Abstract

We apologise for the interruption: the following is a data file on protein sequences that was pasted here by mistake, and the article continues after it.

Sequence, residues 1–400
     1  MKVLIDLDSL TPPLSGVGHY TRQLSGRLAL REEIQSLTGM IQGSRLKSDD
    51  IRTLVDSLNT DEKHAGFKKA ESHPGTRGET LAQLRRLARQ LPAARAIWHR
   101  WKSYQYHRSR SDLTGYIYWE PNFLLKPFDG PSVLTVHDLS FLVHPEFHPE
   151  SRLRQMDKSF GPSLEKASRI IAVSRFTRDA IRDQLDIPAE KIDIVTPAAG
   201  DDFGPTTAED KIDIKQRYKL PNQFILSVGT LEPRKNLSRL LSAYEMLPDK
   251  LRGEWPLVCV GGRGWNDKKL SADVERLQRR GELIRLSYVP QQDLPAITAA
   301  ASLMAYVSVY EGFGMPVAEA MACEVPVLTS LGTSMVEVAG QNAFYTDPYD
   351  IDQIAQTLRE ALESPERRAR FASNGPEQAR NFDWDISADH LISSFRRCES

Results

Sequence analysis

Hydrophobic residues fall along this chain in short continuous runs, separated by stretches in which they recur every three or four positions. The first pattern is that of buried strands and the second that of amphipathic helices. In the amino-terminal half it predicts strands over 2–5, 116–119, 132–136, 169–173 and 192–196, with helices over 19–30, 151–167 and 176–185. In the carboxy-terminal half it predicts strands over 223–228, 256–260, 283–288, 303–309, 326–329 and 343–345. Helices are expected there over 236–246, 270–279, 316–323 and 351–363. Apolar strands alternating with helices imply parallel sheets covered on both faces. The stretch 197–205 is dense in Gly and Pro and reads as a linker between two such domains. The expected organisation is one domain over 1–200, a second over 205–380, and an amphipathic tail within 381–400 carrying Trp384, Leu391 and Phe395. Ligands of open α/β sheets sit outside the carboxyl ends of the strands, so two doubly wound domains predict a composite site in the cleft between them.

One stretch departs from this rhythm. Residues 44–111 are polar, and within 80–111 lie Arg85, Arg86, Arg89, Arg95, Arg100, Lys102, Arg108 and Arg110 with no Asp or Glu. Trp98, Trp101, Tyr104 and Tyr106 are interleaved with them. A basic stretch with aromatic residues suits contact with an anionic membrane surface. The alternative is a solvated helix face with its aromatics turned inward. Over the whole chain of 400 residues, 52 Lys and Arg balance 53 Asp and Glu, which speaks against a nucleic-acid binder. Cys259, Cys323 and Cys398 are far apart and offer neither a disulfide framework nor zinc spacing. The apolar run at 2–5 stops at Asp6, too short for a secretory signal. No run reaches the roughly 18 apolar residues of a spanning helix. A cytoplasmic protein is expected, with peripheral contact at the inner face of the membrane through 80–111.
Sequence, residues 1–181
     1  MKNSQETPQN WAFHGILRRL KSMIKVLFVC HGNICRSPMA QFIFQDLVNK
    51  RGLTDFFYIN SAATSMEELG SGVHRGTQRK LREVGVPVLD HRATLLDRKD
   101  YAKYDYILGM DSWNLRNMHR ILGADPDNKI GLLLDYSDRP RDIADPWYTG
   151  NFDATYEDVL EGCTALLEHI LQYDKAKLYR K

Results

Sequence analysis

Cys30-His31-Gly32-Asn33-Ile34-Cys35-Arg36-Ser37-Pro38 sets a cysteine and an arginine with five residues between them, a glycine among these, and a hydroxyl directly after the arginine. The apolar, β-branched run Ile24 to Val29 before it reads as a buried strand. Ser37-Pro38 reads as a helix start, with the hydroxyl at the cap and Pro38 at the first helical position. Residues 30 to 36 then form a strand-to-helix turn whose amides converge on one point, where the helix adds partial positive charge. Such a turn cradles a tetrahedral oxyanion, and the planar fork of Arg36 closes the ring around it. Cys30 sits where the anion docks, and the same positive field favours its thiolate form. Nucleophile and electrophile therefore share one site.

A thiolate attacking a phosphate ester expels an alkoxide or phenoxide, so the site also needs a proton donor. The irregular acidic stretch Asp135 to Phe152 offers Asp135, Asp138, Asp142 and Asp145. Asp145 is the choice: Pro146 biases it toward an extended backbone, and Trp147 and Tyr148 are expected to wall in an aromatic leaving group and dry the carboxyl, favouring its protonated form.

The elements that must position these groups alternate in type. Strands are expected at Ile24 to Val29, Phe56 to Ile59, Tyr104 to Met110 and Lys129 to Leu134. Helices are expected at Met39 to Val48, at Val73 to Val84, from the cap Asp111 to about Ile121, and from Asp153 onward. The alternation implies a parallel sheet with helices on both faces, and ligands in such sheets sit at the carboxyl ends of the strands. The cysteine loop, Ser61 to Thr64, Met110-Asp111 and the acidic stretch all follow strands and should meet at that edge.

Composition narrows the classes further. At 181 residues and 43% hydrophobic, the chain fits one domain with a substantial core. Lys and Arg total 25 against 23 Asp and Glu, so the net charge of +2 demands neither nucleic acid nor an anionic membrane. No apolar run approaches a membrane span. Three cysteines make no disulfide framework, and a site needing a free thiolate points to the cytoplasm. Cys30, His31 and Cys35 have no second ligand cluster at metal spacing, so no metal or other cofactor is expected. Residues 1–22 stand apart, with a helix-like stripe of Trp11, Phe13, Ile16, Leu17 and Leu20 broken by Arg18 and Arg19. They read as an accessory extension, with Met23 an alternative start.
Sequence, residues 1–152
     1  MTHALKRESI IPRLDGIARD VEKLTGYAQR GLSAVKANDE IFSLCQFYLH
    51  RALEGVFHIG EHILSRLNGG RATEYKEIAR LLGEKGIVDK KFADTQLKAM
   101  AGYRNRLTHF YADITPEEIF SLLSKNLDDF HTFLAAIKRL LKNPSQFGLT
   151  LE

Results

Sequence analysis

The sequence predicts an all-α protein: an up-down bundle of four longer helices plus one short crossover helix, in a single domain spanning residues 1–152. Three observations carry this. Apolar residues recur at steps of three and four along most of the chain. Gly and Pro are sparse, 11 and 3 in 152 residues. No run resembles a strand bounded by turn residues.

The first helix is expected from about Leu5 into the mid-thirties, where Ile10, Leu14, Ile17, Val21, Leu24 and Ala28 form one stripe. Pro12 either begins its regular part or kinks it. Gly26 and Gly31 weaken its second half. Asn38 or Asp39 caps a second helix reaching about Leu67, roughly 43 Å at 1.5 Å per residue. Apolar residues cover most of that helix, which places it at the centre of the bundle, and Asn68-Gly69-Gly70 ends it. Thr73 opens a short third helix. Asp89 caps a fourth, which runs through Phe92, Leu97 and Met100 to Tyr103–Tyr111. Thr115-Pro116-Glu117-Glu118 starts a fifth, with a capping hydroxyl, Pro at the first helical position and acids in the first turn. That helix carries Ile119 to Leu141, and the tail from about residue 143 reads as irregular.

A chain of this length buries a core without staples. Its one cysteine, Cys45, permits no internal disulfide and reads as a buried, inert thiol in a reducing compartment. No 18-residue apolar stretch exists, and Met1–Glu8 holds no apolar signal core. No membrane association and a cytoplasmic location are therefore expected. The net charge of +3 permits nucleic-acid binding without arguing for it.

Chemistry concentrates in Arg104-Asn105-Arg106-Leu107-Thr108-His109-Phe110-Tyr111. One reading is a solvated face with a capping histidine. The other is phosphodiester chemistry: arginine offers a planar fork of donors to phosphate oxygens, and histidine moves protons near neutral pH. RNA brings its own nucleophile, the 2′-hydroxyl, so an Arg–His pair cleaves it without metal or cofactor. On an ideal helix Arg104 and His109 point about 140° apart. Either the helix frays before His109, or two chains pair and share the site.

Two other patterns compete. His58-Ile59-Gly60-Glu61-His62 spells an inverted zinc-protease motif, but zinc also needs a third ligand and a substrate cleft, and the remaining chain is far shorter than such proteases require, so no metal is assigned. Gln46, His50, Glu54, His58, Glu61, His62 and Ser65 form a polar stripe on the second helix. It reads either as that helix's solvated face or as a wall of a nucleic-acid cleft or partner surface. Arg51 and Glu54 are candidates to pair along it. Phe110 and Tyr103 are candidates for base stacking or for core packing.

Precise eruption rates of active pahoehoe lava flows on Kilauea volcano, Hawaii, have been determined using spaceborne radar data acquired by the Space Shuttle Imaging Radar-C (SIR-C). A coastal site downslope from the Pu'u O'o vent was imaged once per day, on each of the four days of October 7–10, 1994. Day-to-day decorrelation due to resurfacing was determined by interferometric combination of the data at 15 m resolution over a wide area. On successive days, new lava resurfaced 335700 m2, 368775 m2, and 356625 m2. Assuming an average pahoehoe flow thickness of 50 cm, a mean effusion rate for this period is approximately 2 m3/s. The radar observations show persistent surface activity at each site, rather than downslope migration of coherent lava flows.

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